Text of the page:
“The yard was lovely, with lots of seed and a relaxing vibe . . . until the Sharp-shinned Hawk arrived.” Or maybe: “Post advertised a beautiful, glistening birdbath, but when we got there, we found a mosquito-infested swamp bowl instead.”

A birdbath need not be expensive or complicated. The ideal birdbath is the one that consistently attracts birds and that you can easily keep refilled and clean.

Summer is a good time to set up a birdbath because it is hot and/or dry in many areas meaning that birds are looking for consistent water sources. Put a birdbath in your yard this weekend, fill it with water, and soon you will have birds splashing and singing right outside your window.

Featured Image at Top: Eastern Bluebirds Standing in a Birdbath – Photo Credit Shutterstock/Bonnie Taylor Barry

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Trump Administration is Threatening Our National Monuments

Take action to protect our National Monuments!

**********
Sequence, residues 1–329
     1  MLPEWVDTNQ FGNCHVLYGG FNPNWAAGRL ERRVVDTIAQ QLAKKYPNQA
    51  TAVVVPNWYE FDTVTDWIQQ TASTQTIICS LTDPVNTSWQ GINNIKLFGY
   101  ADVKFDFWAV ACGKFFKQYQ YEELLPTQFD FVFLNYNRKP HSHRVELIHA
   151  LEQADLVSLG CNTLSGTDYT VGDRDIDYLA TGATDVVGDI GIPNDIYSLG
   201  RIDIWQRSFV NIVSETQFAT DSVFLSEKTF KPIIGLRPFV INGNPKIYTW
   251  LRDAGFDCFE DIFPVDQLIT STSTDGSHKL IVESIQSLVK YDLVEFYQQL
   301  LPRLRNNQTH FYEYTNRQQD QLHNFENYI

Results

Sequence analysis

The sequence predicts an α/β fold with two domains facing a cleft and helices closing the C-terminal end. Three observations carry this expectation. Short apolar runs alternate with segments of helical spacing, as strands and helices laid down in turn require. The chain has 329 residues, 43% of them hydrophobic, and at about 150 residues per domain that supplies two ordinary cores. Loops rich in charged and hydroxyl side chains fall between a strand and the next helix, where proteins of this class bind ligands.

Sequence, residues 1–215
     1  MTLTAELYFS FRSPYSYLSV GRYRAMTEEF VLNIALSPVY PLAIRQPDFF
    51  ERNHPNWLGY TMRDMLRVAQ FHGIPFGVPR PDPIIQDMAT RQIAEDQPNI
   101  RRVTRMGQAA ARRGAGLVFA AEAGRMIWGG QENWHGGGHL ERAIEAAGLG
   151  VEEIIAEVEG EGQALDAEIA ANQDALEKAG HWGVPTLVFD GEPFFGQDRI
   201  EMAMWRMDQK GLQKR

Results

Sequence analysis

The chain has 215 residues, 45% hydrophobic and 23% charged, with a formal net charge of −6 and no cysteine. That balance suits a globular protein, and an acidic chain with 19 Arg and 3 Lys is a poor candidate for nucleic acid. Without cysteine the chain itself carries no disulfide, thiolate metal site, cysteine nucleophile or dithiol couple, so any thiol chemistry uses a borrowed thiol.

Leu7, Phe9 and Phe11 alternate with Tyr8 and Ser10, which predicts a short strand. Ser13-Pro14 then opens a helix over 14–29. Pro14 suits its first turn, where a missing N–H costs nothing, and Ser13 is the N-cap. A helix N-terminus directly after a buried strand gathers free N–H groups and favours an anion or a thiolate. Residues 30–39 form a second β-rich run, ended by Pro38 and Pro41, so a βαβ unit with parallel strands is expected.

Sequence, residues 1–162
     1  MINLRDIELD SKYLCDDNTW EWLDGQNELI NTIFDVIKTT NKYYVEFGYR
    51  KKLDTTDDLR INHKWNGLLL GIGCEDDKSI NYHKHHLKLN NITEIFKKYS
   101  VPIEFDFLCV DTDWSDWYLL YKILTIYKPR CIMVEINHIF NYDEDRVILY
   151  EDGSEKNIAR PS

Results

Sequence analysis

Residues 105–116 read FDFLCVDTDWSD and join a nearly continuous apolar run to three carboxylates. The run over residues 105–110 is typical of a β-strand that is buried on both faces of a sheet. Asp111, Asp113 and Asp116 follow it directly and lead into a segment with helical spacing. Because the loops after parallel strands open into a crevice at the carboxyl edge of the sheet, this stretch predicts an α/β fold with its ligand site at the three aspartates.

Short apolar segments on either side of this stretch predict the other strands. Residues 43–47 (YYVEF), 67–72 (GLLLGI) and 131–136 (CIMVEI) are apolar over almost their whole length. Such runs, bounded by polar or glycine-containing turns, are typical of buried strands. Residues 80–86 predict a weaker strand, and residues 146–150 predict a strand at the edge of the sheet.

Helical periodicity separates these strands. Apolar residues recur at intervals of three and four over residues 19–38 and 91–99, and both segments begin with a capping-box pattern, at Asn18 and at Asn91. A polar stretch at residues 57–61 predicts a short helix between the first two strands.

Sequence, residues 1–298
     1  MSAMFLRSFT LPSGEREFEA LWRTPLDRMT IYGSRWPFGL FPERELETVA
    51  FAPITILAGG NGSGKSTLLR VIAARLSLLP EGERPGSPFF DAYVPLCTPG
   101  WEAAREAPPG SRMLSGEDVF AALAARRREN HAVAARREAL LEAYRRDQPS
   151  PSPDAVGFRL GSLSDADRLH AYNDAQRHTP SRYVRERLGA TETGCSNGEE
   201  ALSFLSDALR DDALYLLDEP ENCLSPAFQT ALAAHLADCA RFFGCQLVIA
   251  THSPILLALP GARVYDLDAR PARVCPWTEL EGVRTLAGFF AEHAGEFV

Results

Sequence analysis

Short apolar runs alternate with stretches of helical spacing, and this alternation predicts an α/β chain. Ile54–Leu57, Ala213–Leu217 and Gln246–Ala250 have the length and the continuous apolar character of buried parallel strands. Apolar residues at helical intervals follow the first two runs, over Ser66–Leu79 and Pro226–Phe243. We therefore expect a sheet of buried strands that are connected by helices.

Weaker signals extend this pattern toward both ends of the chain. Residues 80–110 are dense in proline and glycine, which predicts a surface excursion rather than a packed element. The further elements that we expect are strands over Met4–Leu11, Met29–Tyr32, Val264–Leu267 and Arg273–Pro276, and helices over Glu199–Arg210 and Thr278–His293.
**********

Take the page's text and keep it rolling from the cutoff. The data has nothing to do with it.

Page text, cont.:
The Trump administration is attacking our national monuments and seems hell bent on destroying some of these special places in the name of energy independence.

“We have fallen heirs to the most glorious heritage a people ever received, and each one must do his part if we wish to show that the nation is worthy of its good fortune.” —Theodore Roosevelt

The United States federal government has a duty to protect and preserve our national monuments for the benefit of all Americans, present, and future. However, President Trump recently issued an Executive Order aimed at opening up some of our national monuments for oil and gas exploration and mining, thus demonstrating that he is unequal to the task of safeguarding America’s heritage.

So what is at stake?

What is a National Monument?

The term national monument seems confusing to me. When I think about the word monument, it brings to mind structures and statues. Although some do involve structures and statues, national monuments also encompass historic, scientific, archaeological, commemorative, and cultural objects and values of sites on federal land. National monuments can also be small and large parcels of land with unique and special features and even water bodies.